Psychology prof studies myths of teen pregnancy

Jaelyn Farris
Teen pregnancy, and subsequently teen parenting, is viewed as a societal problem that has far-reaching negative impacts on not only the teens and their families but also their neighborhoods and communities.

But, does it?

“One of the biggest misperceptions in society today is that teenage pregnancy and parenting is a social problem,” said Jaelyn Farris, assistant professor of Psychology.

Farris, who joined the YSU faculty last August, explores 10 myths about teenage parents and highlights the prevention and intervention implications for families, practitioners and policymakers in her second book, Teen Pregnancy and Parenting: Rethinking the Myths and Misperceptions.

“We found that this misperception was common not only with the general public but also with researchers,” Farris said. “Unfortunately, the general stigma that stems from this misperception may keep a teen from receiving the resources, assistance and support they need during and after their pregnancy.”

Some other prevailing myths and misperceptions explored in the book include: teen pregnancy is associated with other behavior problems; children of teen parents will experience cognitive delay, adjustment problems and will themselves become teen parents; better outcomes are achieved when teen mothers live with their own mothers; teen pregnancy costs taxpayers lots of money; abstinence education is the best way to prevent teen pregnancy; and, Farris’s focus, providing media visibility of pregnant or parenting teens will encourage others to become pregnant.

Farris found that while shows like MTV’s “Teen Mom” don’t glamorize teen pregnancy, they don’t always offer an accurate portrayal either.

“They may show the hardships experienced by the teens, but they tend to not go far enough to illustrate that the teens featured are being paid for their time on the show and therefore have more resources than a typical teen parent,” she said.

Farris believes the next step is for scholars to provide more education so that society can put an end to the stigmas surrounding teen pregnancy and parenting. She wants to practice what she teaches.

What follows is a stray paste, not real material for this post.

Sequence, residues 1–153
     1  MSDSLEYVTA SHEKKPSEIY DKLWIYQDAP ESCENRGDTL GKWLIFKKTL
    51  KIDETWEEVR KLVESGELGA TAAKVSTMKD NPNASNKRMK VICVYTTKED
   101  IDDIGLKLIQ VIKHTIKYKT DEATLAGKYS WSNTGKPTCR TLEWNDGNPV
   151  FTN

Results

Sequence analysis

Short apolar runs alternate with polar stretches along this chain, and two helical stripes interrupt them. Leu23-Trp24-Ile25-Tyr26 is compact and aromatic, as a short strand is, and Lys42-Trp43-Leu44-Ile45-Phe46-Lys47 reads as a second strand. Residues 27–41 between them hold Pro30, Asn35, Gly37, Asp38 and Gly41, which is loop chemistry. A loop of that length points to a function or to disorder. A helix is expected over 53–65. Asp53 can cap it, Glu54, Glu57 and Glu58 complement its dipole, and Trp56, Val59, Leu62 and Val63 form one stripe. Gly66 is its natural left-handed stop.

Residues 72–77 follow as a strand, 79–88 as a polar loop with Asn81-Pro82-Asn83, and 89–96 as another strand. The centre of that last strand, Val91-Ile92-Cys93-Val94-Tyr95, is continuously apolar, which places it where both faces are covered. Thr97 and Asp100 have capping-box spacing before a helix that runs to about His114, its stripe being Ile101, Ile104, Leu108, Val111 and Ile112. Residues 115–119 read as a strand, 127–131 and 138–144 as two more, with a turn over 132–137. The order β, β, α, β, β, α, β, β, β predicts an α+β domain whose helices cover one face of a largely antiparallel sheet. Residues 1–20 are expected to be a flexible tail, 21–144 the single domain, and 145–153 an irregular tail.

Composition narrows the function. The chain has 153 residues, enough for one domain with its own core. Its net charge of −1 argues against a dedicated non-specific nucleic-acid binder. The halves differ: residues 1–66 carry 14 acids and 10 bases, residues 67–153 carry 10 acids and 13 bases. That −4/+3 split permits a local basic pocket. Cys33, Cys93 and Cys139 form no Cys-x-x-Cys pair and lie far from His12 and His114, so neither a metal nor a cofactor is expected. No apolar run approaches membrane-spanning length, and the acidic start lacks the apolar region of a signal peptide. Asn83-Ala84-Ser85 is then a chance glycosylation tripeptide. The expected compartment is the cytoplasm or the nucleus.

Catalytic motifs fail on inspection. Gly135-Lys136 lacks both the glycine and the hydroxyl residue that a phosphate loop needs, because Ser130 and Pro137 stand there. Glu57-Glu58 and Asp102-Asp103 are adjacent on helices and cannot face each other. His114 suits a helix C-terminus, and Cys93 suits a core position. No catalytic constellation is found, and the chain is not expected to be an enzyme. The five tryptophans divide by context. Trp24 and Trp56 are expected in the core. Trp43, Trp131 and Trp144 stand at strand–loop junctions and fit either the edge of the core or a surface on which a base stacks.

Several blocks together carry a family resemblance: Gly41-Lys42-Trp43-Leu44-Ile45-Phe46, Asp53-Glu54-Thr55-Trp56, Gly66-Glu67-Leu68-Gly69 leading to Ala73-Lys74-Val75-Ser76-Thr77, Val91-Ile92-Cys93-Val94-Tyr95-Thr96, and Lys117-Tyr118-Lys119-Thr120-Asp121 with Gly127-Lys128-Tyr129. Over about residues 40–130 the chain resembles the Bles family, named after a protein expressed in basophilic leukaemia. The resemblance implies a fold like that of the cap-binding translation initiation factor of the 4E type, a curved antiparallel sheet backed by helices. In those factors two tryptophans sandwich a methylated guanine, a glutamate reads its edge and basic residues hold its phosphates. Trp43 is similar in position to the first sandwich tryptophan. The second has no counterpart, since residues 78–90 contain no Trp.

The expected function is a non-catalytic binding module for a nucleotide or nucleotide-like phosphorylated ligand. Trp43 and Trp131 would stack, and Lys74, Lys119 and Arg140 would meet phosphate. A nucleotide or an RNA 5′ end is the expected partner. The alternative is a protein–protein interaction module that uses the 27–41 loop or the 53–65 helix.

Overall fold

“Personally, I am working on an education initiative to inform and educate society to help eliminate the myths and misperceptions,” she said. “I am originally from this area and am excited for the opportunity to implement these initiatives and programs in the greater Youngstown community.”

YSU is a special place for Farris. Not only did she earn a master’s in Education in Counseling from YSU in 2000, her father, James, earned a bachelor’s in Engineering in 1969 and a master’s in Education in 1975, also from YSU.

“I am so grateful to the university not only for the opportunity to return here to teach and contribute to the students’ education and development, but also for the chance to get out and do some good in the community,” she said.

Farris previously served as assistant professor of Human Development and Family Studies at Penn State Harrisburg. She earned a doctorate in Developmental Psychology from the University of Notre Dame in 2007. With the guidance of her mentor at Notre Dame, Dr. John Borkowski, Farris went on to complete a 3-year postdoctoral fellowship, where she spent time researching and studying topics such as high-risk youth development, adolescent parenting, infant-parent attachment, child maltreatment, the development of psychopathology and intervention/prevention.

Farris wrote her latest book with colleagues Keri Weed, professor of Developmental Psychology at the University of South Carolina Aiken, and Jody Nicholson, associate professor of Psychology at the University of North Florida, all of whom studied and researched under Borkowski.

Story by Rebecca Rose